With the command w, find out who is logged onto the system and what each user is doing. For example:
$ w 15:17:26 up 62 days, 4:33, 14 users, load average: 0.00, 0.04, 0.01 USER TTY LOGIN@ IDLE JCPU PCPU WHAT jj pts/0 30Mar04 4days 0.50s 0.54s xterm -e su -l jj pts/1 23Mar04 5days 0.20s 0.20s -zsh jj pts/2 23Mar04 5days 1.28s 1.28s -zsh jj pts/3 23Mar04 3:28m 3.21s 0.50s -zsh [...] jj pts/7 07Apr04 0.00s 9.02s 0.01s w jj pts/9 25Mar04 3:24m 7.70s 7.38s mutt [...] jj pts/14 12:49 37:34 0.20s 0.13s ssh totan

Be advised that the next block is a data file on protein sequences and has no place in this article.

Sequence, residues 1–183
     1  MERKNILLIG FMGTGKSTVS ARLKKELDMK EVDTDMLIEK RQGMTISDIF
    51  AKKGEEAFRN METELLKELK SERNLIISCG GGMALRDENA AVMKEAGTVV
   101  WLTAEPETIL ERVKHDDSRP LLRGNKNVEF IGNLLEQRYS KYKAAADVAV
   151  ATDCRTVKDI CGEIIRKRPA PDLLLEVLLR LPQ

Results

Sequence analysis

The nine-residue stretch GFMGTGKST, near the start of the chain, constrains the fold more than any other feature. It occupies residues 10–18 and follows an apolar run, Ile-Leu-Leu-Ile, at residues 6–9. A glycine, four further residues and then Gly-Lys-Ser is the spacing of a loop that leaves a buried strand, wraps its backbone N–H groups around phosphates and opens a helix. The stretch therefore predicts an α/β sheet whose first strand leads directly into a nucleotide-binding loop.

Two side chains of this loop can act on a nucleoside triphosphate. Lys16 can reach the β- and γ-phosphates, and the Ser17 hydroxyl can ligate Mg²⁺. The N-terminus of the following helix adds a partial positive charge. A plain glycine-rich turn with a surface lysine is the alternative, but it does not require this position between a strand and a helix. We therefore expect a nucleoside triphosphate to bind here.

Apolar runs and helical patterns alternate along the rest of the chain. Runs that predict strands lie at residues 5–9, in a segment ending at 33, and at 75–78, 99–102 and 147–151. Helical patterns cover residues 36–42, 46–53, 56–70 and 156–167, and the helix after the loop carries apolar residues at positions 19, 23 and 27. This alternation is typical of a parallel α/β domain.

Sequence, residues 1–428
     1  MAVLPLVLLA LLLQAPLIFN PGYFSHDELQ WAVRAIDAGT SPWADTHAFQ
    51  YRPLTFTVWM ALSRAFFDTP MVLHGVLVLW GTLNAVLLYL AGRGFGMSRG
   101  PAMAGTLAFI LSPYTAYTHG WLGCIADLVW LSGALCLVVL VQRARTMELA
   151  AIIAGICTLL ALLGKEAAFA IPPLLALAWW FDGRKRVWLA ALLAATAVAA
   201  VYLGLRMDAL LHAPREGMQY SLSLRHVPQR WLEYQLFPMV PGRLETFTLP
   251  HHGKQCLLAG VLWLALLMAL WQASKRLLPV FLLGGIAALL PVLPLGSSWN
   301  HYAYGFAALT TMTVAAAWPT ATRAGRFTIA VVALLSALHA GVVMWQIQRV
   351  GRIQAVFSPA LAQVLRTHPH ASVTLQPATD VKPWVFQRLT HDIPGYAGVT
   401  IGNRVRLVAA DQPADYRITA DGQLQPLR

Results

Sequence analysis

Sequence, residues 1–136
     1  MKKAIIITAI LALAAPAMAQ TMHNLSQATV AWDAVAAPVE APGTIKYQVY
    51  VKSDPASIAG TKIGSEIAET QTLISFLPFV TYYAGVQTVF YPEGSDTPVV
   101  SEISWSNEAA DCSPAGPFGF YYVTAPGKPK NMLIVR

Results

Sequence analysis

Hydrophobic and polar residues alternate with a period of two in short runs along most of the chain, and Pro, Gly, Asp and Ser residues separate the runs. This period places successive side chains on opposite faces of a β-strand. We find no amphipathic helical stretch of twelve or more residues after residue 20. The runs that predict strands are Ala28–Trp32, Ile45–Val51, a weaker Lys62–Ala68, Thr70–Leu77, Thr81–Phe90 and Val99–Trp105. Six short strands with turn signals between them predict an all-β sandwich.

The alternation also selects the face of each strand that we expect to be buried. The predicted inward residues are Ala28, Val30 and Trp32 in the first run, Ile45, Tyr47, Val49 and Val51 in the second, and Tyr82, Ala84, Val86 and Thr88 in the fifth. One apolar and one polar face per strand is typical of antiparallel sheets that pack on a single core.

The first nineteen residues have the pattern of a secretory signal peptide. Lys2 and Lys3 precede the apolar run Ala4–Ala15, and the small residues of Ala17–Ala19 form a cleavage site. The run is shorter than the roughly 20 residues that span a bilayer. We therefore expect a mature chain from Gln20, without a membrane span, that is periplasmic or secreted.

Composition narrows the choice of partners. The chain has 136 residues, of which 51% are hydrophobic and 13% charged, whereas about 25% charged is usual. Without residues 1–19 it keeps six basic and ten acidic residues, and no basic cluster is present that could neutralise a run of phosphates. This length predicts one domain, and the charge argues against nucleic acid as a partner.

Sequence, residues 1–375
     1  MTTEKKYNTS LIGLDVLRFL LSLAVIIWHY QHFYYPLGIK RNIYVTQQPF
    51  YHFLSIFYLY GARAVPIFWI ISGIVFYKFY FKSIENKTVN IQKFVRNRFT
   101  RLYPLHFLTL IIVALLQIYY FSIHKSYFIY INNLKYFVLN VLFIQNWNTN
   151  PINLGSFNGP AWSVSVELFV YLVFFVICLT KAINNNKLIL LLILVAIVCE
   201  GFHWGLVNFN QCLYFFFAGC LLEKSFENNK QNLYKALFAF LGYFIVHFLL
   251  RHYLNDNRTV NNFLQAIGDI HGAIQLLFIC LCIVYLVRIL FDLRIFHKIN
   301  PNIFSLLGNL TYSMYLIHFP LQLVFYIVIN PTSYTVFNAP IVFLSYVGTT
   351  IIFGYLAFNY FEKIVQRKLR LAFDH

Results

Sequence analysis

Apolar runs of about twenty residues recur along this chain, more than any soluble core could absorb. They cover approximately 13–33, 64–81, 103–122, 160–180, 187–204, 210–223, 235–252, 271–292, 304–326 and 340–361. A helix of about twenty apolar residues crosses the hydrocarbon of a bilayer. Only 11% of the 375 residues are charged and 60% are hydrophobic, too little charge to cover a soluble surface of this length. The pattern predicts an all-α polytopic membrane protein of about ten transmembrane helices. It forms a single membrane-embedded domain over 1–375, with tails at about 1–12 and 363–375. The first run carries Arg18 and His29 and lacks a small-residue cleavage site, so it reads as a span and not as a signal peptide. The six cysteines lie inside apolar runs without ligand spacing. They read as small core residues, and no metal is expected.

The last line shows that the user jj has established a secure shell
(ssh) connection to the computer
If any users of other systems have logged in remotely, the
-f shows the computers from which
they have established the connection.